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South Africa’s ANC Has No Good Options as Majority Vanishes

South Africa’s ANC Has No Good Options as Majority Vanishes
Voting data at the IEC national results center in Midrand, on May 30. Photographer: Chris McGrath/Getty Images

Just hours after South African President Cyril Ramaphosa confidently predicted that the ruling party would easily retain its three-decade stranglehold on politics, it was increasingly clear that voters had other ideas — sending the country into uncharted terrain. 

Early results from Wednesday’s election show the African National Congress hemorrhaging support in Gauteng and KwaZulu-Natal, the two most populous provinces, and an extrapolation of the tallies by a state research body suggests it will win just 42% of the national vote.

If that projection proves accurate, the party will lose the outright majority it has held in every election since apartheid ended and have to partner with at least one of its main rivals to retain power or form a minority government, meaning it will no longer have carte blanche to determine policy.

The prospect of the ANC tying up with either the populist Economic Freedom Fighters or the uMkhonto weSizwe Party (MKP), which is headed by scandal-tainted former President Jacob Zuma, spooked financial markets — the rand, the country’s bonds and its stock market tumbled after the projections were announced.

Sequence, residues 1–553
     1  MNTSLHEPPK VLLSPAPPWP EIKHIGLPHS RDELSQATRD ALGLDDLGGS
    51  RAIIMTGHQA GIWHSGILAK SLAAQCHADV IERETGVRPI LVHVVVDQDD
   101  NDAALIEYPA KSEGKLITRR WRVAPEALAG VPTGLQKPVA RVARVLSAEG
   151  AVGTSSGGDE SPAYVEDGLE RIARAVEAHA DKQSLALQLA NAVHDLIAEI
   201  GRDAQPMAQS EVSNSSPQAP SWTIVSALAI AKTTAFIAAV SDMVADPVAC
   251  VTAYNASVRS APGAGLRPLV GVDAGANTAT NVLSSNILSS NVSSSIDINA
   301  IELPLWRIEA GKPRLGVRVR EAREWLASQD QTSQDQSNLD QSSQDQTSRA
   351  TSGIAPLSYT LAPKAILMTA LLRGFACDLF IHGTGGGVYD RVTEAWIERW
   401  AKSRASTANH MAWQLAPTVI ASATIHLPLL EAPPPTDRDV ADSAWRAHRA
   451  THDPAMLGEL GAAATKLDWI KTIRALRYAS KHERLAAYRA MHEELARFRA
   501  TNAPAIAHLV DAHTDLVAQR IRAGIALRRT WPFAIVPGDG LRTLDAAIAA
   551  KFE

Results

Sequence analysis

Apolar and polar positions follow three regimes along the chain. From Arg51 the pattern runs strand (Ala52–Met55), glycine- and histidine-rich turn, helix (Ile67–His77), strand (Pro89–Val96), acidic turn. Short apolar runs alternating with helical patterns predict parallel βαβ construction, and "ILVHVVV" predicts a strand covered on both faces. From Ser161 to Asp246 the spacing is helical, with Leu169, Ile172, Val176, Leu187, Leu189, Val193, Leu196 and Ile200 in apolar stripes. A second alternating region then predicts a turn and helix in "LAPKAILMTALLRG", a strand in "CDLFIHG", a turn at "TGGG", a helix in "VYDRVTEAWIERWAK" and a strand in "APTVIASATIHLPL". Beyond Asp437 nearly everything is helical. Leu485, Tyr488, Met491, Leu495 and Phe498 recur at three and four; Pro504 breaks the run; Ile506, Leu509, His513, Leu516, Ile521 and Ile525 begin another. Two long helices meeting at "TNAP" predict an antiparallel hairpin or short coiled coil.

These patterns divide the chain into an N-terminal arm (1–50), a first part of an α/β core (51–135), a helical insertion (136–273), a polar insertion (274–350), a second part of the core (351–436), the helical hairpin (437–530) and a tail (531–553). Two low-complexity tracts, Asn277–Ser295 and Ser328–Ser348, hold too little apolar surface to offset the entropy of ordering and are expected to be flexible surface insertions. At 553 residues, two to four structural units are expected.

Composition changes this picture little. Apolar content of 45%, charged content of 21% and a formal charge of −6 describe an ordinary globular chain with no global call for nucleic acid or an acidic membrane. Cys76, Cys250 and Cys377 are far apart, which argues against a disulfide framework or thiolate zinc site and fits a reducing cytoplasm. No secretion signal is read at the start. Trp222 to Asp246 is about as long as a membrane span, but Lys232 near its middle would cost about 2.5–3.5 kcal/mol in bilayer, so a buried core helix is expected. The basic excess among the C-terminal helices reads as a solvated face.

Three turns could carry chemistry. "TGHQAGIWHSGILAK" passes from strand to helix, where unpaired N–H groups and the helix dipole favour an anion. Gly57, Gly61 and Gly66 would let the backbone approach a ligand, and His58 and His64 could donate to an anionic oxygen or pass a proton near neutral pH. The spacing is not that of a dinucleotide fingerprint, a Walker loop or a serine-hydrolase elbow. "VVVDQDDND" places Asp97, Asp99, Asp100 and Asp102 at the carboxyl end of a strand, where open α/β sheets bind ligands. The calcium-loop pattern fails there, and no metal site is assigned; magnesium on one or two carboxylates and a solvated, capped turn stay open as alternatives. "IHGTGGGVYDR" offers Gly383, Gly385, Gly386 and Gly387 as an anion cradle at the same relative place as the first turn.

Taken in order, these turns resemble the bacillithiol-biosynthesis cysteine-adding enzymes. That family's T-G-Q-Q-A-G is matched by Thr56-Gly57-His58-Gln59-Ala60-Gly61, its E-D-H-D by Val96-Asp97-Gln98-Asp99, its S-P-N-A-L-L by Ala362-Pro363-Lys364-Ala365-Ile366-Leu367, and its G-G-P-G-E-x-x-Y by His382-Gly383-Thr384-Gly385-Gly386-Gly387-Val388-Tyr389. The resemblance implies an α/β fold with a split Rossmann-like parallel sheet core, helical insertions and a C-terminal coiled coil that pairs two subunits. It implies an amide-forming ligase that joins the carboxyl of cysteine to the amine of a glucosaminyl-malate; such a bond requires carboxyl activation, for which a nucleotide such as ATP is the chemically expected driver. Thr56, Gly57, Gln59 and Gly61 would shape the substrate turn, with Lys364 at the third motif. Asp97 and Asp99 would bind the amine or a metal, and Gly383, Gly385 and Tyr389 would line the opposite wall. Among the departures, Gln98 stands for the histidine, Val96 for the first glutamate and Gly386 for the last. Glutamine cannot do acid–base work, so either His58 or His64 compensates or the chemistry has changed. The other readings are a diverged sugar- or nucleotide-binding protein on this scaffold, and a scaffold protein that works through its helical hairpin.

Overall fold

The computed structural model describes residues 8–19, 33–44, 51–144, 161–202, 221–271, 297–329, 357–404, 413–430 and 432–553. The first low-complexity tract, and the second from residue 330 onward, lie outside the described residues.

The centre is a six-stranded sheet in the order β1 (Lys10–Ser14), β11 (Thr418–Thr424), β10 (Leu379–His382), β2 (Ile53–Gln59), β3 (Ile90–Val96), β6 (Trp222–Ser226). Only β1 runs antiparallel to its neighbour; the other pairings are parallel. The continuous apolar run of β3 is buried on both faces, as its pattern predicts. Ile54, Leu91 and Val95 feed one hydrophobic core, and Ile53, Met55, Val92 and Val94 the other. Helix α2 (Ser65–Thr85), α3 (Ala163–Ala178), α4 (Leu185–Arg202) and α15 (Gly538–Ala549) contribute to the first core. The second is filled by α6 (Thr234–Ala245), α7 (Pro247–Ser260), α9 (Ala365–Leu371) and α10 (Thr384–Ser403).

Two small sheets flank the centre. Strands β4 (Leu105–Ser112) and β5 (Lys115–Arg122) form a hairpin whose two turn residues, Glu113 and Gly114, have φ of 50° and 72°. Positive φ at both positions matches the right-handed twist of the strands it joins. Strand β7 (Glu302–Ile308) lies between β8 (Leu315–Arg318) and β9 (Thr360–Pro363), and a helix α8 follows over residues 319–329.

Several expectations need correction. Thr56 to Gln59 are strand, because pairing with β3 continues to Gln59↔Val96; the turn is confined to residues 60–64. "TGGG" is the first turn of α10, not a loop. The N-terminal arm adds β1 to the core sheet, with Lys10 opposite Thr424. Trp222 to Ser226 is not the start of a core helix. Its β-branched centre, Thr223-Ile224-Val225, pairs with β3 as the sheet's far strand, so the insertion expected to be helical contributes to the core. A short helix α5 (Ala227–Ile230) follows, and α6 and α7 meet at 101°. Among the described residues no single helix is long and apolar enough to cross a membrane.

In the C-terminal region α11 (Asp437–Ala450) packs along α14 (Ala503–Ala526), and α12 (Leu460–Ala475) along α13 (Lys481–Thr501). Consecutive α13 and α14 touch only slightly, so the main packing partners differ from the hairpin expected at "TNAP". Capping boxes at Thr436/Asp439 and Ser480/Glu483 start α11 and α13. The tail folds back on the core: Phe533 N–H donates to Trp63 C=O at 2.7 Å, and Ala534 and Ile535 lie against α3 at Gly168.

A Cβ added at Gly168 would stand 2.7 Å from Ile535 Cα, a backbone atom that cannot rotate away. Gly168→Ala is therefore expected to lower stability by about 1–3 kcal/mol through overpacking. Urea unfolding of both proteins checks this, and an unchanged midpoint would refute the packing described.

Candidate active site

The securities will likely rebound should the ANC partner with the business-friendly Democratic Alliance, which looks set to retain its position as the main opposition. That could prove tricky because the two parties have long had an adversarial relationship, clashing over everything from health and education policy to the management of the national budget.

Cyril Ramaphosa casts his vote in Soweto on May 29
Cyril Ramaphosa casts his vote in Soweto on May 29. Photographer: Leon Sadiki/Bloomberg

“It’s a big deal,” said Sanusha Naidu, a Cape Town-based research associate at the Institute for Global Dialogue. “Depending on how the coalitions pan out, it could have a major bearing on the markets and how the next administration approaches macroeconomic and other policies.”

Ramaphosa hasn’t been seen in public since he voted in Soweto, near Johannesburg on Wednesday, He refused to discuss coalition options in the lead-up to the election, because he was adamant the ANC would be able to continue governing on its own. Formal cooperation talks are unlikely to begin until final results are released this coming weekend, and uncertainty will reign until they are concluded.

Many of the votes tallied so far are from the largely rural Eastern Cape, an ANC stronghold and the birthplace of the country’s first two Black presidents, Nelson Mandela and Thabo Mbeki.

“The projected result is a significant blow for the ANC, but it is the start of a new era of coalition politics in national government,” said Mike Davies, the founder of political-advisory company Kigoda Consulting. “The exact policy implications will depend on the coalition agreements, but it is clear that the ANC will no longer have the power to drive through contested policies or rubber stamp cabinet decisions using its parliamentary majority. This will complicate the legislative process, but could also enable greater accountability.”